Social change doesn’t come easy.
The necessary change requires a hard look at the deep, systemic problems on the behavioral, economic, and political levels, among others.
The complexity alone can be mind-boggling and overwhelming for an organization, with roadblocks and red-tape at almost every corner.
Many organizations who are pushing for social change(usually non-profits), may feel like they’re fighting an uphill battle.
So they continue to work through a siloed, isolated approach.
However, there is a specific type of approach that has been seen to show success in some communities.
This approach is called collective impact.
What is collective impact, you might ask? Well, below we’re going to explain what it is and how organizations can adopt this kind of approach when aiming for social impact.
What Is Collective Impact?
Collective impact involves the solving of a specified social problem through a cross-sector, all-encompassing agenda set by a committee of like-minded leaders.
These leaders span across the public and private sectors, from nonprofits, private organizations, and even government institutions. Together they help each other solve one, singular problem.
This is normally observed in the nonprofit sector, where burecreautic bottlenecks, red-tape, administrative bloat, and unsustainability can hamper an individual organization’s results.
How is This Different From Garden-Variety Collaboration?
Collective impact attempts to address the issue of operational bloat and bottlenecks by streamlining efforts, reducing redundancy among organizations, and keeping everyone accountable. This ultimately increases total impact by allowing multiple organizations to tackle a single problem from multiple perspectives.
This is important in avoiding many of the blind spots and roadblocks individual organizations face when they try to tackle complex problems.
Key Factors to Collective Impact
According to John Kania & Mark Kramer, who both coined the term in their pivotal paper, the main key factors to achieving collective impact include the following: a common agenda, shared measurements systems, reinforcing activities, continuous communication, and backbone support organizations.
The most important factor is to ensure that there is a shared vision among the participants. Without this guiding vision, fragmentation, splintering, and conflict can occur and will cause an implosion before any lasting impact is made.
This is easier said than done, as many organizations who fight for the same cause, have slight variations in their approaches.
It’s these slight differences that, while on the surface don’t seem to have much of an impact, but on an industry as a whole, it is causing splintering and redundancy in many cases.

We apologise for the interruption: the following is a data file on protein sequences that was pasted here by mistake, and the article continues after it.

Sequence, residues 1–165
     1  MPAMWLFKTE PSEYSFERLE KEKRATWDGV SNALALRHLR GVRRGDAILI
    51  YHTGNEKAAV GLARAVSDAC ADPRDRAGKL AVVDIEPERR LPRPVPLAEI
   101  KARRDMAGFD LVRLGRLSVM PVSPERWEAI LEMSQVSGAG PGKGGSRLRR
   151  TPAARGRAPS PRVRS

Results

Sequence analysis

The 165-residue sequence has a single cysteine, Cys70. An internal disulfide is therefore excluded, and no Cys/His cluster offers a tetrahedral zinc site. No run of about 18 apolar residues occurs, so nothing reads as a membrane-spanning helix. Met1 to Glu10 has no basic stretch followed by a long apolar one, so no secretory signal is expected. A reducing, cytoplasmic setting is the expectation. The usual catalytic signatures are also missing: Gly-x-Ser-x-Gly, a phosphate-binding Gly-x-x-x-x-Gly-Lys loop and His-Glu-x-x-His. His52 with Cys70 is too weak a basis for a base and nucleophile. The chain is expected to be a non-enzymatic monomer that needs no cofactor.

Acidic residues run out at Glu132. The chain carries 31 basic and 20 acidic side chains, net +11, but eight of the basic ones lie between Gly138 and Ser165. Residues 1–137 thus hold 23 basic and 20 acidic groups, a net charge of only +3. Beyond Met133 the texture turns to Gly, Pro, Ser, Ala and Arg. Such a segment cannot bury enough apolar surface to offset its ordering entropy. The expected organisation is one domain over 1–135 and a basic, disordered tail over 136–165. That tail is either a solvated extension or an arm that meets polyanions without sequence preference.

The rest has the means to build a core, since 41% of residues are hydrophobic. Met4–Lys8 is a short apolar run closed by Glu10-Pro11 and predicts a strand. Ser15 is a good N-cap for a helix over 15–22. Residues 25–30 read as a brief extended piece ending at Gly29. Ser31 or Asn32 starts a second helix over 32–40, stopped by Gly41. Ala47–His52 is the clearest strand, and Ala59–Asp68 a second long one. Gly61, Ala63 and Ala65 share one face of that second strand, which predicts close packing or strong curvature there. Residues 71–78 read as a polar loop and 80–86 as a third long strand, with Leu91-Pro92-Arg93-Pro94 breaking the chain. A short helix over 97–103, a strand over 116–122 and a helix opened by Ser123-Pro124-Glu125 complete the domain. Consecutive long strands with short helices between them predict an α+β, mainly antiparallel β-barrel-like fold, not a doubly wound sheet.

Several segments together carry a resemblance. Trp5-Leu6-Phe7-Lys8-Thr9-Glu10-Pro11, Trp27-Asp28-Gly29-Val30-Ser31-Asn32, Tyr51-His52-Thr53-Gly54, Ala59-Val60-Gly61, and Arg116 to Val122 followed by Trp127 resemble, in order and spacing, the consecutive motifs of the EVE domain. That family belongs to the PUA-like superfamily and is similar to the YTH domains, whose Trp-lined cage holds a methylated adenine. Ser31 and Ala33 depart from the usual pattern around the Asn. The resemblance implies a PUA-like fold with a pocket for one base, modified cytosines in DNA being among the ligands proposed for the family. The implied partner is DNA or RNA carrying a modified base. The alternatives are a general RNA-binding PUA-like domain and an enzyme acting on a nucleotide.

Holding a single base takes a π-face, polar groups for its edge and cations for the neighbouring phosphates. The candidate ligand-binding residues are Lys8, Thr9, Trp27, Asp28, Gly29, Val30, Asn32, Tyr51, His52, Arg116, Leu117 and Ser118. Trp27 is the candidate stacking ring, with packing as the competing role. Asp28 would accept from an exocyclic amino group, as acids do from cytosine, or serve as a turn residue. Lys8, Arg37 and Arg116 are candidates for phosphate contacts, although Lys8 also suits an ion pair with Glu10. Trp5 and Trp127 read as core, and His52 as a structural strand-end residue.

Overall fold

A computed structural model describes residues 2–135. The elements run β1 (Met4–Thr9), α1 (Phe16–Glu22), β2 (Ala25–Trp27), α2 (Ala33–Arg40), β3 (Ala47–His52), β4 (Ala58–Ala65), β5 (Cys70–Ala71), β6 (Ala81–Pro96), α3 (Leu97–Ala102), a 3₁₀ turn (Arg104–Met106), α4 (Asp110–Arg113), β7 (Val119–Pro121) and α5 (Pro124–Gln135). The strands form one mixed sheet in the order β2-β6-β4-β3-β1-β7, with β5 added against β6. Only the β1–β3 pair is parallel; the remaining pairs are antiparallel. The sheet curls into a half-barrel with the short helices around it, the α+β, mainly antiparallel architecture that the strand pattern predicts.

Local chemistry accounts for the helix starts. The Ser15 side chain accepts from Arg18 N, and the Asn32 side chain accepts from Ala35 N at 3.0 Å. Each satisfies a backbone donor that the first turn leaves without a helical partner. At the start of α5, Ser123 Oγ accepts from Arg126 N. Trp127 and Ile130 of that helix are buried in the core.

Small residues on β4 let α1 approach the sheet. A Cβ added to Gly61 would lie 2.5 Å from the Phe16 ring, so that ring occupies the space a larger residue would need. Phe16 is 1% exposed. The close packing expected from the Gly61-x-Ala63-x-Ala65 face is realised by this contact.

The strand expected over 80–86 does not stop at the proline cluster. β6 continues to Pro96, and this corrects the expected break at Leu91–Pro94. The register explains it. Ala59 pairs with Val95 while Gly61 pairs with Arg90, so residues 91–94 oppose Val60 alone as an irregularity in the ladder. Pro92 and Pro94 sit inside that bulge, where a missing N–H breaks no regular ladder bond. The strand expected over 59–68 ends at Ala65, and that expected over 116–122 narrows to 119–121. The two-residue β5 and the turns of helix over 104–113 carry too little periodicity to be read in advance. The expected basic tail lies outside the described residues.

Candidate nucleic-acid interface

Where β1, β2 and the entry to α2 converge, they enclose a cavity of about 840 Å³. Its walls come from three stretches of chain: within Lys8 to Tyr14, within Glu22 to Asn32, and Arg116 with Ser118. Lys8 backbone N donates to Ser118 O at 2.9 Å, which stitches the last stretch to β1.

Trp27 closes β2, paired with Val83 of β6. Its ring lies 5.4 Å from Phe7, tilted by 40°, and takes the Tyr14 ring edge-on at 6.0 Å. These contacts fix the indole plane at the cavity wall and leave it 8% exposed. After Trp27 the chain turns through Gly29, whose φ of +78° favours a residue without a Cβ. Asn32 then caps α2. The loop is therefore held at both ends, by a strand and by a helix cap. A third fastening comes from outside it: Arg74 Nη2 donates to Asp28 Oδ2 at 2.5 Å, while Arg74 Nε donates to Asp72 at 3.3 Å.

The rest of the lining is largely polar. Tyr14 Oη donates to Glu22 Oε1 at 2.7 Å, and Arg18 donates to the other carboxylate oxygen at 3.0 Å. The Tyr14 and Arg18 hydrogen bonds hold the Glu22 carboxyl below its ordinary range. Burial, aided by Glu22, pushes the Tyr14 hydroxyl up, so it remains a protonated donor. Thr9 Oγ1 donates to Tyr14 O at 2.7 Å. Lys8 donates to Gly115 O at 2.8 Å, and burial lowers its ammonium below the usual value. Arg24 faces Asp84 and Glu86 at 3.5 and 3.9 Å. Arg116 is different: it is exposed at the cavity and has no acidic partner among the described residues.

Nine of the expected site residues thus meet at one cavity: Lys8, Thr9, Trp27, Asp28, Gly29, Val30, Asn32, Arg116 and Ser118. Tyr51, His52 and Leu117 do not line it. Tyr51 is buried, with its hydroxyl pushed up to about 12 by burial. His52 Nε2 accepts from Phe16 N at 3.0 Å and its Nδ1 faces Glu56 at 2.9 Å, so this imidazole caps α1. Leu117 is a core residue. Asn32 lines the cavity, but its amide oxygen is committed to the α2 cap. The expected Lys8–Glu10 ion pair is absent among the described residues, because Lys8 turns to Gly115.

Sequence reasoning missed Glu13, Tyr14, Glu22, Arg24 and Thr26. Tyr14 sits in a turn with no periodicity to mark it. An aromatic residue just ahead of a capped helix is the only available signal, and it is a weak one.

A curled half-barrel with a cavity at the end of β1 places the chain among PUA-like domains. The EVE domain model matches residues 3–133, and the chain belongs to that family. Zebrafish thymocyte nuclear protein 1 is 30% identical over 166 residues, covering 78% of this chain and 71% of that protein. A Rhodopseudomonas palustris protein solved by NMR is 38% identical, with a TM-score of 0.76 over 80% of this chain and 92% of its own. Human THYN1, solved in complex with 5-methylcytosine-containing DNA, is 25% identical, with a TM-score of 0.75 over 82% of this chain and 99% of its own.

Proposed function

This halts any sort of forward progress or momentum. These differences need to be addressed and hashed out if there is to be any kind of progress.
Any differences, however slight, need to be discussed and resolved amongst the collective. This can prove to be a difficult but necessary step.
Finding the commonalities that can be agreed upon and creating a grand vision out of that can help steer everyone towards change.
However, understand that there will continue to be cycles of agreement and disagreement throughout these stages.
Shared Measurement Systems
Once a vision for the collective is established, there need to be meaningful measurements put in place to track what will be measured and reported as progress.
What are the key performance indicators, and how will they be tracked and measured?
This will require a level of transparency that organizations and companies are not used to: showing their successes and their failures, sometimes to their competitors.
Across tens or hundreds of organizations, the collection and parsing of meaningful data may look impossible at first.
But advances in big data, machine learning, and artificial intelligence systems can be a pivotal tool in parsing through large amounts of data, providing clarity and insight to the collective.
It can also reduce costs while increasing efficiency in the long run. We wrote about this in a previous post and showed how data can provide invaluable insights.
The agreed-upon metrics can then help provide a daily or weekly form of accountability across all participants.
Over time, those who are overperforming on metrics can help and guide others in the collective in the form of best practices.
Documentation can standardize and streamline these best practices as an operating manual, which can then be released to others in the industry, furthering the progress of the industry as a whole.
Another benefit to having clear metrics is this frees each and every participant organization to achieve it in their own way, as long as they are hitting those agreed upon metrics.